Small businesses in Alabama affected by the COVID-19 outbreak will be supported by a new initiative announced on April 7. A partnership of Bronze Valley and business accelerator program gener8tor, the Alabama Emergency Response Program will provide small businesses, startups, freelancers and nonprofits throughout the state with access to a free, week-long webinar series. The series is designed to help identify and leverage critical resources for weathering the ongoing public health crisis.
“During this unprecedented challenge, it is vital that we support the many entrepreneurs, small businesses, startups and organizations that form the heart of our communities,” said Bronze Valley President Neill Wright. “Partnering with gener8tor on this Emergency Response Program allows us to effectively extend Bronze Valley’s network and resources to those who need it most.”
All Alabama-based businesses are invited to participate in the webinar series, which will run daily during the week of April 13-17. The series will feature experts in the following areas:
• Applying for Small Business Administration (SBA)-eligible programs
• Accessing civic, philanthropic, state and federal emergency relief programs and resources
• Navigating changes in employment laws
• Awareness of mental health and wellness resources for small business owners
In addition to the webinar series, gener8tor will host dedicated, daily one-on-one consultations for small businesses to meet digitally with business advisors. The gener8tor team will work individually with companies to address the various issues small businesses are facing during the COVID-19 outbreak. Additionally, the company will work with community groups interested in providing pro bono resources to support the initiative.
Business owners will also be provided with resources related to reopening in a secure manner. For example, as part of their COVID-secure return to work plans, employers will be encouraged to implement temperature screenings for their employees. You can learn more about temperature screening technology by taking a look at some of the temperature screening kiosks on the KIOSK website. One of the primary symptoms of COVID-19 is a high temperature and therefore investing in a temperature screening kiosk can be considered a reasonable means for mitigating the risk of an outbreak within the workplace.
“We have seen firsthand the impact that entrepreneurs have on communities,” said Joe Kirgues, co-founder of gener8tor. “We hope to call on our network of mentors, investors and partners to support small business owners through this program.”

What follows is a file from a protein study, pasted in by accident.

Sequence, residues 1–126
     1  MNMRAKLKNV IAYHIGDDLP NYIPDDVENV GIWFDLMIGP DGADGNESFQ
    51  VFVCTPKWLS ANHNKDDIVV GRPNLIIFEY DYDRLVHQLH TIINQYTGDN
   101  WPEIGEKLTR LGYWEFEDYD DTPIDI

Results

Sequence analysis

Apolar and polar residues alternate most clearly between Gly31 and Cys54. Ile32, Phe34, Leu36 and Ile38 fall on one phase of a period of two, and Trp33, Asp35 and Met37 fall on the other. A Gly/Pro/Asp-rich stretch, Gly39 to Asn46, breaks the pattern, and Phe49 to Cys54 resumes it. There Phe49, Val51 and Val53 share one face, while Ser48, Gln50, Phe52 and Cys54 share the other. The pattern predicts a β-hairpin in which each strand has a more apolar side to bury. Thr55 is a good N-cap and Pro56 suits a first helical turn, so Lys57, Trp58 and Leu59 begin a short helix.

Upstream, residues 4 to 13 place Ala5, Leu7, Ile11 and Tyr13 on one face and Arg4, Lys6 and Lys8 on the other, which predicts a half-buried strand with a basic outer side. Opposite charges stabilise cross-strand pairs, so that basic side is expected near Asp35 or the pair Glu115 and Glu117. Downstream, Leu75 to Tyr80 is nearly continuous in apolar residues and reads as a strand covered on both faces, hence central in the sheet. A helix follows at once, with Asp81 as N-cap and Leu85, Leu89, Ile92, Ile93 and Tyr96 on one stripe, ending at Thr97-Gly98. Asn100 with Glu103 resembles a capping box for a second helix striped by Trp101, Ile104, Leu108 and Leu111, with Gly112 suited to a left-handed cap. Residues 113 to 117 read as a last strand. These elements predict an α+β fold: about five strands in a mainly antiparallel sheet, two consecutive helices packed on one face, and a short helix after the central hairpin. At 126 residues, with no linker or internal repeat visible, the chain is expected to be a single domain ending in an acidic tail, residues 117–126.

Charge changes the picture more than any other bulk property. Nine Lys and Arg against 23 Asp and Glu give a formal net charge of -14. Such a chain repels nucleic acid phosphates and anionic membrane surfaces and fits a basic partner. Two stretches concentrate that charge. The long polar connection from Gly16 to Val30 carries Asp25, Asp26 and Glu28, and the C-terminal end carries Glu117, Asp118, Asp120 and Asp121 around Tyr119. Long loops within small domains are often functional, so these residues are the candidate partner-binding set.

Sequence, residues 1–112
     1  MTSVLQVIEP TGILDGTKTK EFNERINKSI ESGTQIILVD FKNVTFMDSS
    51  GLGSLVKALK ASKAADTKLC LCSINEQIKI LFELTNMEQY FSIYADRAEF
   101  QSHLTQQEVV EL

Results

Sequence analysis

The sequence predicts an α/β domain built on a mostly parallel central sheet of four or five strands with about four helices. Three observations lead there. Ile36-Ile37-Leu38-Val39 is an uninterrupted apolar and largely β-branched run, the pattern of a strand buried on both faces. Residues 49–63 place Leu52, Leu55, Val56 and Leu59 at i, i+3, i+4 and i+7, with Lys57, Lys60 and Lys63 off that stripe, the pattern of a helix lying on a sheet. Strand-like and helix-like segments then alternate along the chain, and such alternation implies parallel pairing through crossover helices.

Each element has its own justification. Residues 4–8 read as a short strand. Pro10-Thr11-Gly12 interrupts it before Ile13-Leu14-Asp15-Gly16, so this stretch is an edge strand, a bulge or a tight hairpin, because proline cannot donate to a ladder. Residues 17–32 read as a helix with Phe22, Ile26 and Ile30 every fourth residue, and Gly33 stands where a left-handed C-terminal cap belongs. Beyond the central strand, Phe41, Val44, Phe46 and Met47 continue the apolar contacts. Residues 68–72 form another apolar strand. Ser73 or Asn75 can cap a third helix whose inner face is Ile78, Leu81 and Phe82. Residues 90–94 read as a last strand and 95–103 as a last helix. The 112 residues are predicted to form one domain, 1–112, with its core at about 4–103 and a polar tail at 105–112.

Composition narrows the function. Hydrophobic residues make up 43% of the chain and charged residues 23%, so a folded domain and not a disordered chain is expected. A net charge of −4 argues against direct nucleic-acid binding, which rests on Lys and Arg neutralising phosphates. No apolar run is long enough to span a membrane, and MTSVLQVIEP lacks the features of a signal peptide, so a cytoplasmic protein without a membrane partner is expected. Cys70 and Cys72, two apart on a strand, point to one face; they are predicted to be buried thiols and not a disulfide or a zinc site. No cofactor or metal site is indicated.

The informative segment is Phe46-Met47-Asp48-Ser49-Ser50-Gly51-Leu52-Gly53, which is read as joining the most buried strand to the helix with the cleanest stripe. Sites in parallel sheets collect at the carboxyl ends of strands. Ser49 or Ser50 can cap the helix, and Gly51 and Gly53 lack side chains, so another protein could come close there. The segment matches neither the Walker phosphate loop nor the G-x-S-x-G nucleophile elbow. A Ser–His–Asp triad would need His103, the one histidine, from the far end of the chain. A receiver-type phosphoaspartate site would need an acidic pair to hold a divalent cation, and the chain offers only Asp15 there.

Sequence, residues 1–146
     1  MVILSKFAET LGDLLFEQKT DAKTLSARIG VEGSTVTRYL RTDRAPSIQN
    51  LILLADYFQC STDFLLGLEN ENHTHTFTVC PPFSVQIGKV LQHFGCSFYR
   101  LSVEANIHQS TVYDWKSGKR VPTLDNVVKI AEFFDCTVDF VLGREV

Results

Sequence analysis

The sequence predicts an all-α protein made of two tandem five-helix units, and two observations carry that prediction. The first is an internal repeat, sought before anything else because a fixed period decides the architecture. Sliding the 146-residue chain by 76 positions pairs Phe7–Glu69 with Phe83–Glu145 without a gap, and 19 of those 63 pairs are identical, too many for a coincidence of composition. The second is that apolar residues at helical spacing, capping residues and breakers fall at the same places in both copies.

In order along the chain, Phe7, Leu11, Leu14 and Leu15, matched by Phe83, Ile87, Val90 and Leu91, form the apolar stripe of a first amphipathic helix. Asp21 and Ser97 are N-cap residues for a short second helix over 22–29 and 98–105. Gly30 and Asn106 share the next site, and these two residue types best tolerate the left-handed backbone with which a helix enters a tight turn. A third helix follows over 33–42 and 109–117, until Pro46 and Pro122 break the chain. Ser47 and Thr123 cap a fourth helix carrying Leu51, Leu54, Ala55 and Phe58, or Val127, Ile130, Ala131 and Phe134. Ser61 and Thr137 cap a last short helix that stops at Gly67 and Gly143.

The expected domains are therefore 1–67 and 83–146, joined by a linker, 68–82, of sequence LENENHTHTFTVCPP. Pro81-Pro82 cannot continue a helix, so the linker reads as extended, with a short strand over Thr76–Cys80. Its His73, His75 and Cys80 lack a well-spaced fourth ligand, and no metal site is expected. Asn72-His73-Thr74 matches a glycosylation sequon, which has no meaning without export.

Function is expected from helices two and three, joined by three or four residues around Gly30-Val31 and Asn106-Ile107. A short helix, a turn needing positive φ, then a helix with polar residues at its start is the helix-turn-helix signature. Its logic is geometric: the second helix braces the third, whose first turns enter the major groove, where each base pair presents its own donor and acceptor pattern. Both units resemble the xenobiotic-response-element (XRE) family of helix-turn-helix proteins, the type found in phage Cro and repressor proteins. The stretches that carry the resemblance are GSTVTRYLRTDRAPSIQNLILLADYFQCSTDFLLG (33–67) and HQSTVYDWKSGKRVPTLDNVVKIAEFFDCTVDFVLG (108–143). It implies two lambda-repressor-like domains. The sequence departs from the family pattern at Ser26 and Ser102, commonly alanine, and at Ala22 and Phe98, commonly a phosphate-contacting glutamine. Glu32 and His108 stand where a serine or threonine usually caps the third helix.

Interested businesses can register for the webinar series by visiting gener8tor.com/emergency-response-program/alabama. The registration deadline is Monday, April 13, at 9:00 a.m. CST.
A turnkey platform for the creative economy, gener8tor connects entrepreneurs – including startup founders, artists and musicians – investors, universities and corporations. The gener8tor platform includes pre-accelerators, accelerators, corporate programming, conferences and fellowships. The company is a nationally ranked, GOLD-tier accelerator, as ranked by the Seed Accelerator Rankings Project.
Bronze Valley is a non-profit, early stage venture investment platform that supports high growth, innovation and technology-enabled companies created by diverse, underrepresented and underestimated founders. The mission of Bronze Valley is to provide an education-to opportunity-to outcome pipeline for communities that are underrepresented in technology careers and in fields where innovators will shape the future. Wright says the Emergency Response Program is an “outside the box” initiative for his organization, made necessary by the need to focus resources on the current threat to economic growth and vitality that are a direct impact of the COVID-19 pandemic. Furthermore, it is hoped that as we learn more about the economic effects of Covid 19, the Emergency Response Program will be able to adapt accordingly to meet demand.
“It makes sense for Bronze Valley to take the lead on this, because the impacts are so pervasive,” Wright said. “This crisis underscores the interconnectedness of our economy and the need for this kind of ‘Main Street’ response.”